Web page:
Set in the central desert of Australia.  Visitors interact with Aboriginal teenagers adventures and crisis.  This site encourages an exchange of culture, creativity, and experience between non-indigenous and Indigenous youth.  Its hope is to inspire young Indigenous people to use the Internet to develop skills.  This online environment was developed with a sensitivity to authoring biases ensuring that it is relevant to Indigenous audiences.

The interactive website takes visitors on a seven part journey which includes:

Episode 1: Kwatye (Water)
Aboriginal kids don’t get lost in the desert without any water… do they?
Fact SheetFinding Water in Desert
Fact SheetDifferent Foods in Arrernte Country

Episode 2: Money Day
Teased about her hearing aid at school, Della has to decide whose voice she will listen to.
Fact SheetIndigenous Languages in Australia
Fact SheetDeafness in Indigenous Communities

Episode 3: Ure (Fire)
When Harry burns a tree on someone else’s land, is it just nature that he is messing with?
Fact SheetTraditional Healing
Fact SheetLhere Mparntwe

Episode 4: Wrong Skin
In a battle for the same boy, sisters Jacquita and Della must decide whether to follow their hearts or their traditional law.
Fact SheetSkin Names

Episode 5: Pmere Amekemeke (Sacred Sites)
10, 9, 8, 7… As their childhood days disappear and the non-Aboriginal world seems to be closing in, will Charlie and Harry’s friendship survive?
Fact SheetTraditional Stories
Fact SheetSacred Sites

Episode 6: Sniffer
Alienated by her family and friends, Della turns to petrol sniffing and leaves her sister with a difficult decision.
Fact SheetPetrol Sniffing
Fact SheetArrernte Culture I

Episode 7: Iwerre Atherrame (Two Paths)
No longer a boy but still not a man. Can Harry keep pushing both black and white laws and avoid the consequences?
Fact SheetArrernte Culture II

UsMob logo [Online Image]. (n.d.). Retrieved November 17, 2009, from UsMob website.

November 18, 2009   No Comments

United Nations Permanent Forum of Indigenous Peoples

unpfii_logo170obxThe UN Permanent Forum of Indigenous Peoples (UNPFII) mandate is to provide advice and recommendations on Indigenous issues to the Council, to produce and disseminate information related to Indigenous issues. The Permanent Forum was created in response to feelings that the structure of the United Nations was not organized to response to issues related to Indigenous peoples and that Indigenous peoples’ representation was limited.  The Permanent Forum was established with the framework of the UN International Decade of the World’s Indigenous Peoples (1995 – 2004).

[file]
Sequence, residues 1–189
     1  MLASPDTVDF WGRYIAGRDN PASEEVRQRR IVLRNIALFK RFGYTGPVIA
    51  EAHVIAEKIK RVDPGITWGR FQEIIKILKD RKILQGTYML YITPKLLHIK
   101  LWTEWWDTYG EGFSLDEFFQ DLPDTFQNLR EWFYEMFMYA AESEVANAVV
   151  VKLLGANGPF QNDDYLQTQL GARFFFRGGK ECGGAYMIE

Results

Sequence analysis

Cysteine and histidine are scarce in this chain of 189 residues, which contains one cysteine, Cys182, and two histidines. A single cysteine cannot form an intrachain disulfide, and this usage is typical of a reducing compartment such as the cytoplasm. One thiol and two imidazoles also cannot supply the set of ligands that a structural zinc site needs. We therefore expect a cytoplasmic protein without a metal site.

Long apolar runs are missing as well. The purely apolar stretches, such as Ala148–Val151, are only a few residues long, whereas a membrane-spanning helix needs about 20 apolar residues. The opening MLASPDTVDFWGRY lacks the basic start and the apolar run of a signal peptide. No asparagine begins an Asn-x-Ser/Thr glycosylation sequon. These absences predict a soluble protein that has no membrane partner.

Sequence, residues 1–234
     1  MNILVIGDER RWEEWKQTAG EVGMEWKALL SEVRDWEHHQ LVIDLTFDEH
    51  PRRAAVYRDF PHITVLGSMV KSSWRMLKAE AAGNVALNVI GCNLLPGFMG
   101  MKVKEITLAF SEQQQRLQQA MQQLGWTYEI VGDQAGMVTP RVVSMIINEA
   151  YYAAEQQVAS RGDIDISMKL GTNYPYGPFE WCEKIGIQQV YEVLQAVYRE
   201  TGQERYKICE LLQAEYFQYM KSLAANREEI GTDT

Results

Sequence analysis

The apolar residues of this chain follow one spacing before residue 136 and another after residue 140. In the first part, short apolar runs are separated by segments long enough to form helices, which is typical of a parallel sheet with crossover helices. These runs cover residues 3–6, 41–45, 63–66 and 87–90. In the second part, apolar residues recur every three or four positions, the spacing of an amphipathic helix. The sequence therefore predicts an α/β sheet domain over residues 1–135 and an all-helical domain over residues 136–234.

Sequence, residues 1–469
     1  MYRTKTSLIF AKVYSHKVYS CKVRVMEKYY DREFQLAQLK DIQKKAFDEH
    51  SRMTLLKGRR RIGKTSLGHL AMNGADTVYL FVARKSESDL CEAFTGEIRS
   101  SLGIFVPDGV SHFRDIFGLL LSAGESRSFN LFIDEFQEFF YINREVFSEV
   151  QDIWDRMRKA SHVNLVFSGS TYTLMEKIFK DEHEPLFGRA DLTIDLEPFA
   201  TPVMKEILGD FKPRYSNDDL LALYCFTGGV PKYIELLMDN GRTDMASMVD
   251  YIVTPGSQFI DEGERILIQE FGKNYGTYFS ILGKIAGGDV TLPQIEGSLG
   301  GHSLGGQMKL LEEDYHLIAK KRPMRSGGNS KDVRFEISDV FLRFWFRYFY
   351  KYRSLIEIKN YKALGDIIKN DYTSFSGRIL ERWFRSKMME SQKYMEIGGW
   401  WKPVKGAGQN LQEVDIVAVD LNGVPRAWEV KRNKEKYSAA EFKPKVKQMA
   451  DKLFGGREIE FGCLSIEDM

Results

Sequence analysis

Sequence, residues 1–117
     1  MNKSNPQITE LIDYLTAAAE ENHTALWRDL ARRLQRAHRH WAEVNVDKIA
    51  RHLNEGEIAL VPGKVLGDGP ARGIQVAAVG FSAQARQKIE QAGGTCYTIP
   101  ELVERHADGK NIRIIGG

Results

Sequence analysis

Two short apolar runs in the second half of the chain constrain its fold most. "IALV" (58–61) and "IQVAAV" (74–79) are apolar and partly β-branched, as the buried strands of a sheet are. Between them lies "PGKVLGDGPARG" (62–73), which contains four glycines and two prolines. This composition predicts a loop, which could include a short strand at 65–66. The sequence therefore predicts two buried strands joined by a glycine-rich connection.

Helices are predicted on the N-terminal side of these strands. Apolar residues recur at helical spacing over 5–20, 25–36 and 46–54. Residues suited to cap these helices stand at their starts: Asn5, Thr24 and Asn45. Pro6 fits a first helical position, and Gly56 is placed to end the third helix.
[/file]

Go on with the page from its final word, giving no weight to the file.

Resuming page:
Members serve a three year term and  include sixteen independent experts, eight nominated by governments and eight directly by Indigenous organizations in their regions.  Regions include: Africa, Asia, Central and South America and the Caribbean, the Artic, Central and Eastern Europe, Russian Federation, Central Asia and Transcaucasia, North America, and the Pacific.

Links include:

Indigenous Women and the UN System

Indigenous women and the UNPFII

Briefing Notes

Inter-Agency Task Force on Indigenous Women

Convention on the Elimination of all Forms of Discrimination Against Women CEDAW

Gender and Statistics

Second Meeting of UN Agencies and Indigenous Women representatives of Central America and Mexico

Engaging indigenous women: local-government capacity-building through new technologies in Latin America

Declaration from the Indigenuos Children and Adolescents of Latin America to the 2005 Ibero-American Summit Meeting and press release

Committee on the Rights of the Child: Discussion on the Rights on Indigenous Children – Recommendations

UNPFII logo  image, Retrieved Nov. 17  from  UNPFII website.

November 17, 2009   No Comments

M1-WS 2: Center for World Indigenous Studies

The first three lines on the website read:

  • Access to indigenous peoples knowledge and ideas
  • Conflict resolution based on mutual consent
  • Protecting the rights of indigenous peoples

The site was established in 1994 and is the non-profit research and education organization’s online presence.  The organization offers education programs as well as internships and fellowships through their Fourth World Institute. Their web site offers access to multiple sources of information about indigenous issues such as online Fourth World Journal, the Fourth World Eye blog (eZine), a Forum for Global Exchange, the Chief George Manuel virtual library, a media center with video and audio media, photo galleries, etc.  The site has a much more modest collection of external links.  As this is an .org web site, donations are solicited.

September 28, 2009   No Comments